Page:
Identity Theft

Safety Staying Safe on Campus Identity Theft

Identity Theft is the illegal obtainment and fraudulent use of someone else’s personal information (e.g. credit card numbers and other financial information; social security number; name, date of birth; etc.)  Typically, identify theft is used by criminals for some degree of financial gain.

Identity theft can have devastating and long-term consequences and it is not uncommon for victims of identity theft to not know that their identity has been stolen until months or even years after the initial theft.

Thieves can get your information in various ways:

  • Stolen mail
  • Stolen wallet, purse, or other items containing personal information
  • Phishing scams
  • Dumpster diving
  • ATM, telephone, and computer “shoulder surfing”
  • Skimming of credit card/financial information


The Federal Trade Commission (FTC) has created a three-part program related to identity theft:


  • Deter - Safeguard your information
  • Detect - Actively and routinely monitor your accounts
  • Defend - Respond to the theft immediately

Visit the FTC’s official Identity Theft page for detailed information and for assistance with dealing with identity theft.


  • Never carry items like your SSN card with you unless absolutely necessary
  • Never disclose your SSN or personal/financial information unless absolutely necessary
  • Store sensitive information in secure locations (e.g. safe; safe deposit box)
  • Be wary of email attachments
  • Utilize complex passwords for accounts
  • Keep the operating system on your computer up-to-date with recent patches
  • Lock your computer when it is unattended (this is a requirement for University employees)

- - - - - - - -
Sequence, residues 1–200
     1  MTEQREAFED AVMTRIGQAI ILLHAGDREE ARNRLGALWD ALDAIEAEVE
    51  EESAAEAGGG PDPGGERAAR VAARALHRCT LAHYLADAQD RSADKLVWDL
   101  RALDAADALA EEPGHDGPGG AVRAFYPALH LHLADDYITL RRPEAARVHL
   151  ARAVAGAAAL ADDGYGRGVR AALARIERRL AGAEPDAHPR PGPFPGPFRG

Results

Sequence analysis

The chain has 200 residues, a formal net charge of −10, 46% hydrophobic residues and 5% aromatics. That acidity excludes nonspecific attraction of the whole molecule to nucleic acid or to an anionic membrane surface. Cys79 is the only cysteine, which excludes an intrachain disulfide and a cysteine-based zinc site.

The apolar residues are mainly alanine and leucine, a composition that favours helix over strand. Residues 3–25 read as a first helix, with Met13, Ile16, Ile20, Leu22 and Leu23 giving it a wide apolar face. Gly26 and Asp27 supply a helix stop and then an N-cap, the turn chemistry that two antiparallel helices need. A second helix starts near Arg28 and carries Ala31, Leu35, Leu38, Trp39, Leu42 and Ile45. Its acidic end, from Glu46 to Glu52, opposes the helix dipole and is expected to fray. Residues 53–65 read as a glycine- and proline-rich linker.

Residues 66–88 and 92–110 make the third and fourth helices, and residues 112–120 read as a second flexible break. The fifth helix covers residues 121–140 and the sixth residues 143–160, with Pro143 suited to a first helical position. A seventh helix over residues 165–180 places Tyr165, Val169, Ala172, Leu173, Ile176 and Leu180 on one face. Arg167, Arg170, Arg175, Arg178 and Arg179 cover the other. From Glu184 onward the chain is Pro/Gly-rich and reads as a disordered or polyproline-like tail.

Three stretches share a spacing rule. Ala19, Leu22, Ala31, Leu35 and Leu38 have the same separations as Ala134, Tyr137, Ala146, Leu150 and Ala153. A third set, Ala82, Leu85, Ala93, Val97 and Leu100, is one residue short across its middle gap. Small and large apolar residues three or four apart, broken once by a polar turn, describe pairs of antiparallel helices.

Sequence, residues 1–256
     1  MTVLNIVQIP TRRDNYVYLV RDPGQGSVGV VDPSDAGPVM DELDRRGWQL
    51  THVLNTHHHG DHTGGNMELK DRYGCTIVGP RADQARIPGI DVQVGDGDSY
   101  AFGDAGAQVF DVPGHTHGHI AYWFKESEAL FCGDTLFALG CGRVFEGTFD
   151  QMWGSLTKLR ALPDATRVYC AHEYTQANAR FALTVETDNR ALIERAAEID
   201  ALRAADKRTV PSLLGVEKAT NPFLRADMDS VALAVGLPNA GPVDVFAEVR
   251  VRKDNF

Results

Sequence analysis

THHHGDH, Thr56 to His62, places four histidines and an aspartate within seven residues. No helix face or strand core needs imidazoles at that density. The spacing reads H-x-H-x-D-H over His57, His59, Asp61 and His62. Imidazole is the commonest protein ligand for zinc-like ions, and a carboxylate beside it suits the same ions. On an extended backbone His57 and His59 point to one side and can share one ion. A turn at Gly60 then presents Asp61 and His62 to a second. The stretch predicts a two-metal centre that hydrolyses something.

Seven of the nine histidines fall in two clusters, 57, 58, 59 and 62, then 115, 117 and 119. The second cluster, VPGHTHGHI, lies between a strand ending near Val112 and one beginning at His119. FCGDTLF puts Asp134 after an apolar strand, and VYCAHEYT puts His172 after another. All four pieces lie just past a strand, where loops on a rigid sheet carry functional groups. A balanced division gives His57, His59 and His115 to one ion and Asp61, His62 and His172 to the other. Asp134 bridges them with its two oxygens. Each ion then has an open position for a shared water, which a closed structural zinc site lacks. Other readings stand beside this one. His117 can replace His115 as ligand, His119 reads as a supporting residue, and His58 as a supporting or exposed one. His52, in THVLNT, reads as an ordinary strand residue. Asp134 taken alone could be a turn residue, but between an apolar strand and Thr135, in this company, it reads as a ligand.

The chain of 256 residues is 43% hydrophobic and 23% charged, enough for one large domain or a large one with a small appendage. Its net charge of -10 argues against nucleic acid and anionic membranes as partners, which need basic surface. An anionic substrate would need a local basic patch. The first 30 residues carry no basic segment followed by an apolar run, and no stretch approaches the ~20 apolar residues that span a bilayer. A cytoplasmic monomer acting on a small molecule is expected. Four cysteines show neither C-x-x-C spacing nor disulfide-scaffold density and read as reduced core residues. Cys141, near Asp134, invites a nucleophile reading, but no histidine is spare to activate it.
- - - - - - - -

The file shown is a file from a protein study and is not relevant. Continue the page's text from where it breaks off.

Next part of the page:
• Protect your computer and devices with Anti-Virus and Malware protection.
  • Shred sensitive documents (any financial documents or documents containing personal information) before discarding them


  • Request and scrutinize your 3-in-1 annual credit report (Find out more about your free Credit Report)
  • Periodically check your DMV, social security, and personal accounts for suspicious activity.
  • Sign up for fraud monitoring
  • Be on the alert for mail or bills that do not arrive
  • Be suspicious of unexpected credit denials


  • If you suspect that your identity has been compromised:
    • Employees call: 252-334-2012
    • Students call: 252-334-2073
  • At any time, place a 90-day Fraud Alert on your credit report by calling any of the organizations listed below:
    • Equifax - 800-525-6285
    • Experian - 800-397-3742
    • TransUnion - 800-680-7289
    • SSN-Fraud - 800-269-0271
  • Close accounts that have been tampered
  • File an official police report in the jurisdiction in which the identity theft took place
  • File a complaint with the FTC
    • Online: Online Complaint Form
    • By phone: 1-877-ID-THEFT
    • By mail: 
Identity Theft Clearinghouse 
Federal Trade Commission 
600 Pennsylvania Avenue, 
NW Washington, DC 20580